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Investigator testifies in Gainesville shooting involving 17-year-old suspect
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Quaran Jackson enters Hall County Magistrate Court Monday, April 3, 2023, for a committal hearing. Jackson, 17, is accused of shooting Gabriel Ledford, 19, of Gainesville, near the 3000 building at Summit Place at Limestone Place around 5 p.m. on Jan. 9. 2023. - photo by Scott Rogers

A Gainesville teenager told law enforcement he was shot at with his own gun, leading to serious injuries that almost cost him his life, according to court testimony.

Quaran Jamir Jackson, 17, of Gillsville, appeared Monday, April 3, in Magistrate Court with attorney Chloe Owens in an attempted murder case.

Jackson also faces charges of possession of a firearm during the commission of a crime, aggravated battery, aggravated assault and armed robbery from the Jan. 9 shooting in Gainesville. He was arrested a month after the shooting.

Gainesville Police Investigator Brad Raper said it happened around 4:51 p.m. Jan. 9 on Shades Valley Lane. Officers were called out to a person who had been shot, finding Gabriel Ledford, 19, inside his mother’s apartment.

Ledford was transported to Northeast Georgia Medical Center in critical condition after losing a “tremendous amount of blood,” Raper said.

“They gave him multiple (transfusions) of blood to bring him back,” Raper testified. “It was told to me that he would not have made it had he not been so close to the trauma center, given the amount of blood that he was losing.”

Five shell casings were found at the scene, all 9 mm caliber.

Ledford said he was outside waiting for a friend to come over when he was approached by a vehicle pulling up behind him.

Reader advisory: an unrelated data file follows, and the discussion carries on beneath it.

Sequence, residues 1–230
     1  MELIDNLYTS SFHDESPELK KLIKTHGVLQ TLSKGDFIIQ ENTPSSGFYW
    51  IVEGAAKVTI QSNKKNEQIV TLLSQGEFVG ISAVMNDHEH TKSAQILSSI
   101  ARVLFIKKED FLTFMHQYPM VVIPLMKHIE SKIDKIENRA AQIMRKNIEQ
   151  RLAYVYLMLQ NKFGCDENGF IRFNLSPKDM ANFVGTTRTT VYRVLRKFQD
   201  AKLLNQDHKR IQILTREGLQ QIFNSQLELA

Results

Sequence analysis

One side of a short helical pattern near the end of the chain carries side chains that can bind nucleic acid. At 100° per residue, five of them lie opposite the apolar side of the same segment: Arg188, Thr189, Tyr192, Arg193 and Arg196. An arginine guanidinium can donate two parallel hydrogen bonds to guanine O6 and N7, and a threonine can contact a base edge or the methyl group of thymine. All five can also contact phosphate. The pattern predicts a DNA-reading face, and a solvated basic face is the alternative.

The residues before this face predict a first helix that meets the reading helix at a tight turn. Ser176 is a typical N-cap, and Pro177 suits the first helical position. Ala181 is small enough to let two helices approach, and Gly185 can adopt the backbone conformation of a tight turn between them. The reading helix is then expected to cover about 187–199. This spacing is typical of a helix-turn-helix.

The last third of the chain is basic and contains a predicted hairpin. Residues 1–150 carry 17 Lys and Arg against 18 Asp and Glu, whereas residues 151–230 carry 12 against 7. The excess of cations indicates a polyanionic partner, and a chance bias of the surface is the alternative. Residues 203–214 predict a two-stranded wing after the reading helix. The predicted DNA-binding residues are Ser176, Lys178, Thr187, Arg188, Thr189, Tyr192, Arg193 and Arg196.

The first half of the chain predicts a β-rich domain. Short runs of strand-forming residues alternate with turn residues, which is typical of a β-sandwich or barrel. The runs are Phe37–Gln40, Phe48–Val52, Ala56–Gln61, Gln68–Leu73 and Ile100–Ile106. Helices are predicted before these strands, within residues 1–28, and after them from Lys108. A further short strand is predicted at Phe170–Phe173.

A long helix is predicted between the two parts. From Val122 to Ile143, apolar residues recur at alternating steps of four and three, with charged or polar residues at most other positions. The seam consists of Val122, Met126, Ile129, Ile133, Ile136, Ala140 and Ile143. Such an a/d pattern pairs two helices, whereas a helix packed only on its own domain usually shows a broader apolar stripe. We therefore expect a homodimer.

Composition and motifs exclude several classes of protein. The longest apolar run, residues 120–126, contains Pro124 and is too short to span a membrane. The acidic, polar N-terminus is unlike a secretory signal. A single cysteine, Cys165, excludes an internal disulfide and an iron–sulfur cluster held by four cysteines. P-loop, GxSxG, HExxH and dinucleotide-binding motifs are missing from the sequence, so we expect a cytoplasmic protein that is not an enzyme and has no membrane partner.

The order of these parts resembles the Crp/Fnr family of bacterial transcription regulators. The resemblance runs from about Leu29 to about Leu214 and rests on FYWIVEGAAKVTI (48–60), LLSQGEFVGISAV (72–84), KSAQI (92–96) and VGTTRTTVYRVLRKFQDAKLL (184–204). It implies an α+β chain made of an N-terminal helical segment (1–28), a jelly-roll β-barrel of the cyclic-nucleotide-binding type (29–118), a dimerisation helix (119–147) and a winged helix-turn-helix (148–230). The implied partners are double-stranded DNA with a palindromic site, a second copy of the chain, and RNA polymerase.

The 19-year-old said a person jumped out and grabbed his backpack.

“Part of Gabriel’s statement was he had a gun in his backpack, that they got out, they tried to take his phone,” Raper said. “They tried to take his gun from him and they ultimately just took his phone and left the scene with his phone. But he claimed they took his gun away from him and shot him with his own gun as well as another gun that they had brought.”

Ledford said he did not know who they were, Raper said.

Ledford’s gun was found at the residence, and the Bureau of Alcohol, Tobacco, Firearms and Explosives was able to determine there were two different firearms used.

The other gun has not been found, the investigator said. The stolen cellphone is also still missing despite attempts to ping and call it.

After determining who had the car, law enforcement arrested another 17-year-old Gainesville man following a traffic stop.

Raper said that man told him a story that the investigator has since debunked, but a search of his phone found a message between him and Jackson roughly an hour after the shooting.

Raper said Ledford sent a name and a picture of the person who he thought it was, identifying Jackson, though he wasn’t completely certain.

Raper obtained search warrants for Jackson’s phone records, and geolocation records put Jackson’s phone at the scene at the time of the crime.

After getting a more current photo of Jackson, Raper said Ledford immediately identified Jackson.

Following Raper’s testimony, the prosecution brought Hall County Sheriff’s Office Investigator Mark Newberry, who took out two warrants accusing Jackson of breaking into vehicles.

Newberry said both break-ins happened in Jackson’s neighborhood.

Owens focused her questions on the evidence at the scene and how Jackson was identified as the suspect.

Raper said they have not found witnesses to the incident itself, but people heard the gunshots and saw the car driving away.

Owens argued that the ID of Jackson as the suspect is tenuous and circumstantial. She also felt there was not sufficient evidence of intent to commit murder in an attempt to have the charge dismissed.

Judge Michelle Hall moved all charges on to Superior Court.